How to Make the Perfect Poke Bowl in 6 Steps

Poke bowls at Santa Monica hotspot Sweetfin. (Photo: Gillie Houston for Yahoo Food)

Dakota Weiss knows fish. There’s just one problem: She can’t really eat it. The former “Top Chef” contestant’s fast-casual Southern California poke restaurant, Sweetfin, is one of the hottest lunch spots in Santa Monica right now, with lines of eager customers lined around the blocks to get their fix of sweet, fatty tuna and lush salmon sliced and served with the sauces and seasonings of their choosing. Although Weiss developed a sudden and mysterious fish allergy at 28 years old, her fixation with the fresh and healthy protein never waned.

Growing up in Southern California, Weiss was raised by a mother who emphasized healthy eating: “Everything we ate was organic — it came out of her garden or a farmers market,” she says. Dessert took the form of dates and dried fruit, and finding fresh, natural ingredients became part of her DNA. On trips to nearby Hawaii when she was younger, Weiss recalls eating poke for breakfast, lunch, and dinner, not able to get enough of the stuff. Later, as a chef in Marina del Rey over a decade ago, Weiss began to experiment more with Asian-influenced flavors, helping to create poke dishes as appetizers and playing around with vegetarian and vegan alternatives to the fishy food.

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She worked at a variety of esteemed restaurants around the United States, never considering that her love for the humble fish bowl could spark a booming business. “I had poke on a few of my menus as a special, but never in a million years did I think a poke restaurant would be a thing,” Weiss says. However, at the encouragement of her business partner, Alan Nathan, the chef set out to something she had only dreamed of: a spot that offered fresh, unique takes on the traditional Hawaiian dish with plenty of vegetarian options for those like Weiss who have an allergy to finned food.

When Sweetfin opened its doors in April of 2015, it was an instant hit, with fish fans flooding the business to get fulfill their BYOB (build your own bowl) poke cravings. Propelled by the booming poke trend sweeping the nation — and particularly the West Coast — Weiss’s passion project has taken off, and the Sweetfin family is set to grow by 5+ locations in 2016 alone.

Soon, many more fans will be able get a taste of Weiss’s popular creations, including a spicy tuna bowl with creamy, chili pepper-spiced mayonnaise and albacore tuna bowls with the sweetness of mangos and the crunch of macadamia nuts. To find out how to make your own killer poke bowl, check out Chef Weiss’s poke tips and tricks and below. 

When it comes to serving raw fish, it’s all about quality. “You can’t fake good quality. When you’re using it in a raw platform there’s no hiding. You can tell by the color, the touch of it, the feel in your mouth, and the smell,” Weiss says. At Sweetfin, their focus is on finding the highest-quality sushi-grade fish possible, a task that takes time and patience. Weiss and her team tried the tuna of 30 different companies before settling on International Marine Products as their go-to source. Another key? “Get your fish fresh every single day,” Weiss says. No frozen fish sticks allowed. 

Beyond the fish, poke is all about the sauce. “At Sweetfin, we’re not trying to make traditional Hawaiian poke; we’re trying to make it our own with a heavy Californian influence,” Weiss says. To achieve this, the chef uses a combination of Japanese and Korean flavors in her sauces. To appease the large gluten-free population in Southern California, Sweetfin uses gluten-free soy sauce in all the bases. Weiss also likes to bring some heat to her made-from-scratch ponzu sauces by adding a hit of spice: “I have a spicy palette, so I like to load my poke with serranos and Sriracha.”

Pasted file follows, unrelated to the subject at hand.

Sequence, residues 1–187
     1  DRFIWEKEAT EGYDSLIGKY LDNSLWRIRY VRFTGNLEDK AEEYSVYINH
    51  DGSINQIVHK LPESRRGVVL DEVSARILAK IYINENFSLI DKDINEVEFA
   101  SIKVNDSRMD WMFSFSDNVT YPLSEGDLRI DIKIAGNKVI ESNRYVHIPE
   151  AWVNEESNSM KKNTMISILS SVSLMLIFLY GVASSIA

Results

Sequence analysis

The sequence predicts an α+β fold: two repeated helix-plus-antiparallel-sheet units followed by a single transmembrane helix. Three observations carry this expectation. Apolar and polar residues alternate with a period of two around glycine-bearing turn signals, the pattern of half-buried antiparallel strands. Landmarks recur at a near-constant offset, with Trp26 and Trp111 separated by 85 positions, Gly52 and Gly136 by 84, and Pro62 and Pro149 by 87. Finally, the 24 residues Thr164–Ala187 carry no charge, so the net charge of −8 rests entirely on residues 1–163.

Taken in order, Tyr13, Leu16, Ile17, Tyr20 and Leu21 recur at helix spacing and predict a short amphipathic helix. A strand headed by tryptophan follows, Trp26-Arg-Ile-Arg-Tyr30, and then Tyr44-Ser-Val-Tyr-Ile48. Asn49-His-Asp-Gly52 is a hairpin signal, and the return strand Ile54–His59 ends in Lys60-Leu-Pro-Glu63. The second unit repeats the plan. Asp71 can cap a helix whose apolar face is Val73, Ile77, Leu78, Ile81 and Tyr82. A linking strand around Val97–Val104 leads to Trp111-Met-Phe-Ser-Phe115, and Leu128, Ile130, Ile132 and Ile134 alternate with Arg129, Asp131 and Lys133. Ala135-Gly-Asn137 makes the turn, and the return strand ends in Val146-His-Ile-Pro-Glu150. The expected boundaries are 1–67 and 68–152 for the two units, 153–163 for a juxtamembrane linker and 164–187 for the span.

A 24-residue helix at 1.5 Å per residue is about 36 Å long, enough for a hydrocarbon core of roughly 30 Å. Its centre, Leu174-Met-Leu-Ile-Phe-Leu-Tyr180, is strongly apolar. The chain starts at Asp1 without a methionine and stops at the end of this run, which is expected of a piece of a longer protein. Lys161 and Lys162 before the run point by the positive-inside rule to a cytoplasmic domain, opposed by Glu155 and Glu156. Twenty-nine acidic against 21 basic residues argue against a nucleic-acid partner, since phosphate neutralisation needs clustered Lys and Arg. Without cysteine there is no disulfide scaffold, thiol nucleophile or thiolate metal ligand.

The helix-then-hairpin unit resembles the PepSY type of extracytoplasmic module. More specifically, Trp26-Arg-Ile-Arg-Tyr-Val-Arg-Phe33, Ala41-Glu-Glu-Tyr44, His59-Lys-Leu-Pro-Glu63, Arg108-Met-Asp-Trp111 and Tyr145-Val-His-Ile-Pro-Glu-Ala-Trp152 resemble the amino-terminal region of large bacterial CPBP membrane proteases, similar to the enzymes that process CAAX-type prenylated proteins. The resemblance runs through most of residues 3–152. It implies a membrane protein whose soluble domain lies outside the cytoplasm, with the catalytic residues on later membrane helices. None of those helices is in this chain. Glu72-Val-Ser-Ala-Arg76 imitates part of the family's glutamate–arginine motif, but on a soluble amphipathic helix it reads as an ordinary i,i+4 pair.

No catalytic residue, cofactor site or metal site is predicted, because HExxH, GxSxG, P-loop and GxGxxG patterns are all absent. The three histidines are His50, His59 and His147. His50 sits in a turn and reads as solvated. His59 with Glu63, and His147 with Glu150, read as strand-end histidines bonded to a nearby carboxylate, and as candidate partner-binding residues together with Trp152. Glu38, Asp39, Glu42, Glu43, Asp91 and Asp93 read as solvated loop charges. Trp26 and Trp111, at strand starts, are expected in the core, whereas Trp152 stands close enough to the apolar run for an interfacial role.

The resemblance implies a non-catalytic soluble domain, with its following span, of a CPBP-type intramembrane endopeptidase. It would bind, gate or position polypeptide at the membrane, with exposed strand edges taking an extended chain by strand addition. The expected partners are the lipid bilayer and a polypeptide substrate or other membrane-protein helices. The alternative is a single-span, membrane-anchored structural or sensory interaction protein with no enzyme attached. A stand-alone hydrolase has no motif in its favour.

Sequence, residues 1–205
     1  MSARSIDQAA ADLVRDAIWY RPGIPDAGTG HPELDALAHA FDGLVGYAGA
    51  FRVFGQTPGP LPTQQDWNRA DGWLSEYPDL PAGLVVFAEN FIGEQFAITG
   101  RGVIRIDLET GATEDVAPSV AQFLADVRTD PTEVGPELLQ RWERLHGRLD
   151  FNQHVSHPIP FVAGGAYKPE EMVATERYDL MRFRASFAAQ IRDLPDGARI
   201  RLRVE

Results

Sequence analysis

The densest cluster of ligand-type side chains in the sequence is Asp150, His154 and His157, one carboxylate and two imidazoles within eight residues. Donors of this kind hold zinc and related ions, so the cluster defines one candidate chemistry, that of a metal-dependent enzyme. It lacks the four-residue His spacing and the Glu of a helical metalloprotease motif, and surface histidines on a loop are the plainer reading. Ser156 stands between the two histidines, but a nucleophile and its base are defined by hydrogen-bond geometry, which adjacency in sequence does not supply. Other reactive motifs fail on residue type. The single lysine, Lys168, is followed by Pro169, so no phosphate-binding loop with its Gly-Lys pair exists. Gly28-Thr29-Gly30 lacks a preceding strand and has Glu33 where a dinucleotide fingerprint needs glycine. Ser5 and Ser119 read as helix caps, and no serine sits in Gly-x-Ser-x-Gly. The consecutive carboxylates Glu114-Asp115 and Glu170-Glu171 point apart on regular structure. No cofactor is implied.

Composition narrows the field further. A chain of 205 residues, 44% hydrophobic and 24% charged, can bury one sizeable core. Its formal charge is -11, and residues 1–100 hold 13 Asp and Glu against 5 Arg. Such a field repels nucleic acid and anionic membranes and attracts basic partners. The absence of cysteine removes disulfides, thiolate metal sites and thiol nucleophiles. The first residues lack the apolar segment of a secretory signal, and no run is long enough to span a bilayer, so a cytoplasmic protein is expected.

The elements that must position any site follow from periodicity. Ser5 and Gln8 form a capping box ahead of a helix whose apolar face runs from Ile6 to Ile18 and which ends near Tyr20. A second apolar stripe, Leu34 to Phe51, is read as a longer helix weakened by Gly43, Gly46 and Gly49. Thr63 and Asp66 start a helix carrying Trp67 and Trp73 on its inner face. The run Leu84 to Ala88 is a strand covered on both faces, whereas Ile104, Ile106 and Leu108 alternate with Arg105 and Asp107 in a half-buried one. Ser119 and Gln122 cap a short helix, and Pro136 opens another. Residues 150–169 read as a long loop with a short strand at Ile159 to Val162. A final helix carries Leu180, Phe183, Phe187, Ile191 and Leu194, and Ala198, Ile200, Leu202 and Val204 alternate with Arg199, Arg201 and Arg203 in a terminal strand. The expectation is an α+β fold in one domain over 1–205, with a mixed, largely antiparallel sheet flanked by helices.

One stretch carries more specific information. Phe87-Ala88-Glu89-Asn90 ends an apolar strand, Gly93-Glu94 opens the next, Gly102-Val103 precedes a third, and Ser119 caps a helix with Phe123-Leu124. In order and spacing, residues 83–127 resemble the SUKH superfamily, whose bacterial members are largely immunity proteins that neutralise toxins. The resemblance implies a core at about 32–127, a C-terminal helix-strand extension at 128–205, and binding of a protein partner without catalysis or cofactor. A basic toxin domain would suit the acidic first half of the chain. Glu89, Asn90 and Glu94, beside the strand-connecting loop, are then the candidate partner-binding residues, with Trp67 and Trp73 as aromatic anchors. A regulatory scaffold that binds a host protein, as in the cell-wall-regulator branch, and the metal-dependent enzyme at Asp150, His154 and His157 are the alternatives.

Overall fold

While in traditional Hawaiian poke, fish is served seasoned on its own, the modern Californian version uses a base in order to create a more filling, well-rounded meal. At Sweetfin, customers can pick between three bases: steamed bamboo rice, kelp noodle salad with cucumber slaw, or a kale citrus salad. “I like my poke over rice, mixed all together, which makes it a really hearty bowl,” Weiss says. However, customers who are more calorie-conscious can opt for the green options: “It’s not quite as hearty but adds a whole other level of flavor to the bowl with a soy vinaigrette and fresh orange.”

The word poke is a Hawaiian verb meaning “to slice or cut,” and every poke bowl features cubes of your protein of choice. Weiss relies on standard ¾-inch cubes for that perfect bite, though you can always adjust to your preferences. As for choosing your fish or vegetarian option, the possibilities are endless. At Sweetfin, options include tuna, salmon, albacore, snapper, tofu, and fresh chopped vegetables.

Traditional poke in its simplest form calls for sesame oil, soy sauce, Himalayan pink sea salt, onion, and red chili. However, at Sweetfin toppings abound, with herbs, spices, fruits, and veggies available to add a unique and personalized flavor to your poke. Weiss loves adding a little fish sauce and fresh lemon and lime juice to her creations to brighten up the flavors. Beyond that, spices like charred habanero and shiso can add another layer of taste, as well as additions such as like chili marinated oranges, Napa cabbage, and shaved red onion.

To balance out the creamy texture of the fish, bring in something crunchy for that perfect mix. Bean sprouts, crispy garlic, crispy onions, wasabi peas, and wasabi-toasted coconut are the ingredients Weiss relies upon to bring that special textural twist to her bowls.

To get some extra help for your poke bowl building, check out this awesome Hawaiian Tuna Poke recipe from “Lucky Rice” here

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